Albert. Queen Victoria and Prince Albert hold the record for the greatest number of commemorative London street names. This reflects the fervent patriotism of their reign, which coincided with furious growth in the suburbs and the building of great new roads across the centre of the metropolis. Albert married Victoria in 1840, and streets then being developed on the expanding fringes of London (and indeed towns all over the country) were forthwith named after him. Among the many were Albert Place, off Victoria Road Kensington, the Albert Gate into Hyde Park (7) and Albert Street and Terrace, Primrose Hill (8). Primrose Hill Road was renamed Prince Albert Road (8). After the Queen’s bereavement in 1861, more important memorials came thick and fast. The Albert Embankment (7) was finished in 1870 and so called as a com-panion name to the Victoria Embankment on the opposite bank. Albert Bridge (6), the only London bridge named in honour of a person, was opened in 1873. And on the South Kensington Estate where the Prince had dreamed of creating the national cultural centre which he did not live to witness, (see Exhibition Road), rose the Royal Albert Hall followed by Albert Hall Mansions, Albert Court and Prince Consort Road (6). Albion. The patriotic fervour which led builders to name their streets Albion’ and ‘Britannia’ seems to have been a phenomenon of the Georgian era; since the Hanoverian kings were Personally unpopular, loyalty to the motherland was expressed by these vague but loaded names (except when victories occurred, to engender a profusion of Nelsons, Trafalgars Waterloos). But after Victoria’s accession in 1837 the incidence of Albions and Britannias in London shows a marked decrease accompanied by an outburst of Victoria Terraces, followed within ‘ the decade by dozens of Alberts. Thus there are Albion Buildings in the City (5) erected in 1766, Albion Place Clerkenwell (5), so named in 1822, about the same time as Albion Road, Stoke Newington, and Albion Close and Street, Paddington (3), begun in about 1830. Exceptionally late is Albion (now Alba) Place, North Kensington, built in 1863. Britannias follow the same pattern : Britannia Street, King’s Cross, dating from the 1770s, and Britannia Row, Islington, c. 1800. There is also a Georgian Patriot Square in the East End.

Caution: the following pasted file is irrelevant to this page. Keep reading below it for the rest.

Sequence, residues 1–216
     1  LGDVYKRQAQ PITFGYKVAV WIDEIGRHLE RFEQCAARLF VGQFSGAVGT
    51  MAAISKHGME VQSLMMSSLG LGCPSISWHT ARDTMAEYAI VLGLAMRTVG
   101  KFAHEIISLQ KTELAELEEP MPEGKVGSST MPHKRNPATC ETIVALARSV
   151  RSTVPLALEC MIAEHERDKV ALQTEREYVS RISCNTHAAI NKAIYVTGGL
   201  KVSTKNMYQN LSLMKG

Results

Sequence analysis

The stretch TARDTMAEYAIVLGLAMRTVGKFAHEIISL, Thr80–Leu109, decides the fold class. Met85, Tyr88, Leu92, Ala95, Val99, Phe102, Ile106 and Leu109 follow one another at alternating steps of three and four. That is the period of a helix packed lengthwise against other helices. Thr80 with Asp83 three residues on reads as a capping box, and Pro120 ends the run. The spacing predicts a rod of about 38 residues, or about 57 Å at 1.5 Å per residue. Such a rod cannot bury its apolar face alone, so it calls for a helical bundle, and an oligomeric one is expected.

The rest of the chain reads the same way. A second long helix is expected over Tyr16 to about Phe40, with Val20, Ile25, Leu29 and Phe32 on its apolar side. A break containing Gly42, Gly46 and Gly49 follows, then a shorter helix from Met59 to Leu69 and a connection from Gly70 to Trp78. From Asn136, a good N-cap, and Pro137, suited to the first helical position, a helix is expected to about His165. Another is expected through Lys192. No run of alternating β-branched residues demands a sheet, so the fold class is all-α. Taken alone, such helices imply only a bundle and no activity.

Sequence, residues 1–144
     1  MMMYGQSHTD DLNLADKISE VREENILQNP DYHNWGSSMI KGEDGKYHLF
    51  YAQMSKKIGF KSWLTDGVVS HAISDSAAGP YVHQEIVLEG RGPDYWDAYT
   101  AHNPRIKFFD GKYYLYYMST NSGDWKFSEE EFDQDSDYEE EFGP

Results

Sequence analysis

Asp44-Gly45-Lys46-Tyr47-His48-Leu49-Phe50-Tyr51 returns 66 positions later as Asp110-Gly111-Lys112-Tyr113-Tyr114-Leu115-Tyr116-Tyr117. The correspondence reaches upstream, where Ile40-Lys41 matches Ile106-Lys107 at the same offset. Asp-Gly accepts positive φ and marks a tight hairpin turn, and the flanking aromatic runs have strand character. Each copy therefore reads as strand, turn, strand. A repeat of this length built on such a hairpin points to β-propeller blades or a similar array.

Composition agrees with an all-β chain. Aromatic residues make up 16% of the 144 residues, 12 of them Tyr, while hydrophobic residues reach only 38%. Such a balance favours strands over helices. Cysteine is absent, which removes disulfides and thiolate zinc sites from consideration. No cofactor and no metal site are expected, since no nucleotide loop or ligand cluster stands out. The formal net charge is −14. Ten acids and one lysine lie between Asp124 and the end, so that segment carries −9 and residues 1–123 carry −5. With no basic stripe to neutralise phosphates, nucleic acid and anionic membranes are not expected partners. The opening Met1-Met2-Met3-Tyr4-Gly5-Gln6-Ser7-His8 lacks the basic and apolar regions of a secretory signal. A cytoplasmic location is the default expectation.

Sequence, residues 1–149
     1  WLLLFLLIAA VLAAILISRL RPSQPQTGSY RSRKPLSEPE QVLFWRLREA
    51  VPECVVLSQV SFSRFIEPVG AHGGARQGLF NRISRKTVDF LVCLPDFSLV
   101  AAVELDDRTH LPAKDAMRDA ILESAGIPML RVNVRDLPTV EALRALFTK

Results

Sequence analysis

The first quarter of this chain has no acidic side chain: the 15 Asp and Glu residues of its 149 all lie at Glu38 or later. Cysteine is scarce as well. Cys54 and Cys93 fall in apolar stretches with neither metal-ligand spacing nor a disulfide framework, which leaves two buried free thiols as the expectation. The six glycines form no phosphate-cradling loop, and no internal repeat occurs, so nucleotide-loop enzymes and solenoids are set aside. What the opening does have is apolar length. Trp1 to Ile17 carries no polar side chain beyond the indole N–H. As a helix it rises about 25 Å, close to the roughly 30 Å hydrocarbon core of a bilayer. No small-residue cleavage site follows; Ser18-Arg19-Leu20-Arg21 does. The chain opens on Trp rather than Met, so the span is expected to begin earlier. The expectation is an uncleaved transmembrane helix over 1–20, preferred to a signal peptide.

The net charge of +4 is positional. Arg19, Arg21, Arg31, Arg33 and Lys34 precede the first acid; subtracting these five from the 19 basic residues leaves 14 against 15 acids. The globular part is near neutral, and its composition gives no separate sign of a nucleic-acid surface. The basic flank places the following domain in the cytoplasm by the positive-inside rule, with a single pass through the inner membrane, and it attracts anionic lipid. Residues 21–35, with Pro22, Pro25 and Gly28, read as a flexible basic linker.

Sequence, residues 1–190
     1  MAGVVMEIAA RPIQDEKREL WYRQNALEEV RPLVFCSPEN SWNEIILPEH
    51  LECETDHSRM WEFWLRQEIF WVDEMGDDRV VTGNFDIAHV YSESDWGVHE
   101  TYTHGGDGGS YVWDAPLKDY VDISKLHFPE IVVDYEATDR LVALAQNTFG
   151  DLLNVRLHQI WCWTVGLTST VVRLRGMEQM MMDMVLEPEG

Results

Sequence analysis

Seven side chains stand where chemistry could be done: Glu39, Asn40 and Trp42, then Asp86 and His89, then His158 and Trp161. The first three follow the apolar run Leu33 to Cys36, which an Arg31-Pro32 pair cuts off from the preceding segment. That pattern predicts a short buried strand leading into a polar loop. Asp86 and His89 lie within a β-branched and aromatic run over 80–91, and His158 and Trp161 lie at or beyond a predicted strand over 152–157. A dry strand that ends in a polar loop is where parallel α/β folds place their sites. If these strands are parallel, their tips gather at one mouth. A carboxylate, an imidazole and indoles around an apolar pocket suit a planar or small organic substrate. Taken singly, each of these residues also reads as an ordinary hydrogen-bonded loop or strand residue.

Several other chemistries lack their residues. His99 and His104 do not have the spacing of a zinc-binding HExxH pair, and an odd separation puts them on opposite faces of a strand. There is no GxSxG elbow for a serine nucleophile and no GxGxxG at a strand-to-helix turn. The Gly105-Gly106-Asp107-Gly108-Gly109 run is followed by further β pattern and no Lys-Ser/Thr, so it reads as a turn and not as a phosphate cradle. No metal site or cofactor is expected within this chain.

Aldenham Street (King’s Cross 4). The Aldenham Estate at King’s Cross was given to the public school at Aldenham in Hertfordshire by its founder, Richard Platt. Platt was a native of Aldenham and a successful London brewer of the reign of Elizabeth i. Like many gentlemen of his time, he saw the importance of the new learning that was spreading from the continent, and he was concerned at the state of education in England since the church schools had been dissolved. It was becoming the custom for wealthy merchants to endow free Grammar Schools in their home towns with estates of land near London: see for instance Rugby Street, Tunbridge Street, Bedford Row, and Lyon’s Place (on the Harrow School Estate). Platt be-queathed three fields ‘lying nighe the Churche of St Pancrasse in the County of Nid’x besides London’ and some land at Aldenham, including Medburn Farm, to be controlled for the school by the Brewers’ Company. The fields at St Pancras are now Aldenham Street, Platt Street, Medburn Street and Charrington Street, after the firm of brewers.